Eating Chinese Making you Ill?

Every few months, a Chinese employee will send an alarming e-mail to the thousands of Chinese employees at Microsoft, saying “I got sick at restaurant ‘X’, and they had 4 critical red health violations at their last inspection, so STAY AWAY!”  These people usually mean well, but tend to shout “fire” without looking line-by-line at the health inspection reports for all of the other restaurants they visit.

Here is some news for my readers: nearly every good asian restaurant in the Seattle area that I review and recommend gets multiple critical red violations in health inspections!  You can look up health violations here, and even subscribe to get notified of health-related shutdowns here.

Before reacting too quickly to the score on a health inspection, you should look at the report and make your own judgment.  A “temperature violation” at a Sichuan restauarant that scores 85 (100 is the worst) is different from “toxic materials” at a German restaurant that scores a 40.  The whole point of Sichuan food is that it’s spicy and kills the bacteria.  It’s really absurd to think of a single restaurant in Sichuan that keeps its food at 39 degrees all the time.  As another example, take a “temperature violation” at a Korean place that serves Kimchee and spicy Tofu.  Kimchee is just spoiled vegatables, and requires lots of bacteria to make.  It is not even possible to make Kimchee at the “safe” temperatures of the health inspectors.

And if you get sick at a restaurant and they scored a 75 two months ago, the score is probably not related to your getting sick.  A 75 two months ago could be a good explanation why you got sick two months ago, but odds are that the restauarant is one of the cleanest in town for the next couple of months after that score.  If you’re going to worry about a high score, worry about the restaurant that’s going to get the high score next week, not the one that got it two months ago.

Finally, if you hear someone smearing your favorite authentic asian place in Seattle, take it with a big grain of salt, do your own research, and check again in a couple of months.  Many of these people in the restaurant business here have rivalries and histories that resemble a soap opera.  Every month someone is leaving one to go to the other for some really dramatic reason, and rumors swirl about love affairs, shady dealings, financial ruin, and anything else that might get people to stop going to one restaurant or the other.  As long as the restaurant hasn’t been shut down, you shouldn’t care who the proprieter’s bitter ex-wife is scheming with, nor whether they got a couple of “temperature violations”.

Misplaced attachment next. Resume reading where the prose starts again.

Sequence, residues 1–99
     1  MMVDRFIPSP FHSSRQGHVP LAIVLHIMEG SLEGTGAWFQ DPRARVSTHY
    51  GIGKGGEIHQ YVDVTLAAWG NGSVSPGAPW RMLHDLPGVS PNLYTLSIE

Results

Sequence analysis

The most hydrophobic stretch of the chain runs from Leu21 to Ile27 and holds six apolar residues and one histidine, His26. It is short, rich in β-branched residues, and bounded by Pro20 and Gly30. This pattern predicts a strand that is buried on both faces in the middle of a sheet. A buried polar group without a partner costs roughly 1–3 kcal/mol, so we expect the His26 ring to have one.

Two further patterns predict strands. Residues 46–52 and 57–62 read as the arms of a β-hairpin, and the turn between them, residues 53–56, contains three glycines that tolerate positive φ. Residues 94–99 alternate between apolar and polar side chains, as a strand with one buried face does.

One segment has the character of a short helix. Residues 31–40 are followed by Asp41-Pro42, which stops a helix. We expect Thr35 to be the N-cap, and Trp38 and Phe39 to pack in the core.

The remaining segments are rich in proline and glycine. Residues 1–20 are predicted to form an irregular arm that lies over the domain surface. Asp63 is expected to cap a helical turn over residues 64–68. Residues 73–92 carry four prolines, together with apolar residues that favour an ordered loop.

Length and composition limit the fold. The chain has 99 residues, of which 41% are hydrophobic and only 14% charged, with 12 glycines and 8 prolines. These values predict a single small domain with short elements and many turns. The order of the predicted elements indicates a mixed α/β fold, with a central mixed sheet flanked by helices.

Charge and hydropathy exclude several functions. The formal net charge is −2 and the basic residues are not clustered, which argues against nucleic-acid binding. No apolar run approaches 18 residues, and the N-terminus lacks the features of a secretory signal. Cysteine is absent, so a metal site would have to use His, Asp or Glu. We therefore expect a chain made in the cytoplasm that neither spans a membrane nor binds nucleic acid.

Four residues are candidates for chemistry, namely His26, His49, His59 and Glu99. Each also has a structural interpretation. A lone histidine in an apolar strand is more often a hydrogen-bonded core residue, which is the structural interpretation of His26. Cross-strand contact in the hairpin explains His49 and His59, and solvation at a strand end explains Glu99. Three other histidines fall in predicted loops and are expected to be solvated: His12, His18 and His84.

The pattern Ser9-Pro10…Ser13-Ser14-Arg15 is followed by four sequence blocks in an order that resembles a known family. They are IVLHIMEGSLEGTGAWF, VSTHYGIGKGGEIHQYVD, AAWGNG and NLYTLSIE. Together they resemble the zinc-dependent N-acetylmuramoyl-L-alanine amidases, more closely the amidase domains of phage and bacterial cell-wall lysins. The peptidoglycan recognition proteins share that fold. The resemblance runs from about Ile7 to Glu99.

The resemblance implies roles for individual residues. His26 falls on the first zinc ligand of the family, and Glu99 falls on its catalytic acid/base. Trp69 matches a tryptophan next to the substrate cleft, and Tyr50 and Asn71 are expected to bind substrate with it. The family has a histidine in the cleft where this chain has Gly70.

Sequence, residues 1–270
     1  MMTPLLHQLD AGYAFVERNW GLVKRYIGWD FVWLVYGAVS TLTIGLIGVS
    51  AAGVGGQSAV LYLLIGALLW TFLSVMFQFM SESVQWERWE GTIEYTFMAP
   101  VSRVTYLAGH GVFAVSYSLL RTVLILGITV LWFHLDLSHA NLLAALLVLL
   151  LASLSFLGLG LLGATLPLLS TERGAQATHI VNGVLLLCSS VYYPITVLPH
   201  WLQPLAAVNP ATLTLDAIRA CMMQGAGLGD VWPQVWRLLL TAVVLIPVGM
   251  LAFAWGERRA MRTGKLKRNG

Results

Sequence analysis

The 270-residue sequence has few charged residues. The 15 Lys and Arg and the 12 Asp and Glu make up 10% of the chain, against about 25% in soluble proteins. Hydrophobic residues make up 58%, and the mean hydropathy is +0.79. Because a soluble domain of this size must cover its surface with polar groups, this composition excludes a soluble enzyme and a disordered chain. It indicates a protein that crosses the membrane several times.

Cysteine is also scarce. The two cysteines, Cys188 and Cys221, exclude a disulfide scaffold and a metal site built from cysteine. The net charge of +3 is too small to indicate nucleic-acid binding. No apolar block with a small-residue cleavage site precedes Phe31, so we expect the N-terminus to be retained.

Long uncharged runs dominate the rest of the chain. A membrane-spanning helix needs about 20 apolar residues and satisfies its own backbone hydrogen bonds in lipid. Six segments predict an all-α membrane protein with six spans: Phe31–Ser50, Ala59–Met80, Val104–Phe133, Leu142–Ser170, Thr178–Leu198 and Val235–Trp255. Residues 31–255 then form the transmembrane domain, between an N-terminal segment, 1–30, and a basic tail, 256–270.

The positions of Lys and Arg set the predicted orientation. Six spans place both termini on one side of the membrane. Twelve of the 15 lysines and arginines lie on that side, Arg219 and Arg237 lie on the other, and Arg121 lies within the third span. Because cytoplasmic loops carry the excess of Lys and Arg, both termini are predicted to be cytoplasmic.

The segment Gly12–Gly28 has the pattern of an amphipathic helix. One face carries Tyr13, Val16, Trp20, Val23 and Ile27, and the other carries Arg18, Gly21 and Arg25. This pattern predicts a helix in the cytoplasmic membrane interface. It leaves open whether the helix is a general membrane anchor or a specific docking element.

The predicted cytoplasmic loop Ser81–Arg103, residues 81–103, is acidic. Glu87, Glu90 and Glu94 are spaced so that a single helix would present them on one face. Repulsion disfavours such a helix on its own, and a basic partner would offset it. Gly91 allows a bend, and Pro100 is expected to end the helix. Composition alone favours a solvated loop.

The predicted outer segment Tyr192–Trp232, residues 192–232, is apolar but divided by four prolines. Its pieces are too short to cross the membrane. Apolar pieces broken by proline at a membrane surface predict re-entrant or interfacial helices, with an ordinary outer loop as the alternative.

Henry’s Hunan, San Francisco

Today for lunch, I decided to try Henry’s Hunan near SF MOMA. I wish I hadn’t.

Seattle doesn’t have any authentic Hunan food, and I love spicy, so I try to get Hunan food when I’m in cities that have it. San Francisco has plenty of options in Chinatown, so I assumed that this place wouldn’t be bad.

For starters, there were no Hunan choices on the menu. The menu was standard American-Chinese food that you would get at any generic “Chinese” restaurant in suburban America. It is not the kind of Chinese food you would expect in the city with the highest percentage Chinese population in the country. I overheard conversations at a couple of tables with people regaling their coworkers with stories about “You’ve never had Hunan food?! It’s sooooo spicy!” But from the bland stir-fries on every plate, I think their definition of “spicy” is not what I think when I think of Hunan food.

Now, I exaggerated a bit when I said there were no Hunan choices. There were exactly two menu choices that seemed like authentic Hunan food. One was an appetizer, “Cold sliced 5 spices beef”, and the other was the “Extra spicy cod fish” entrée. I ordered both.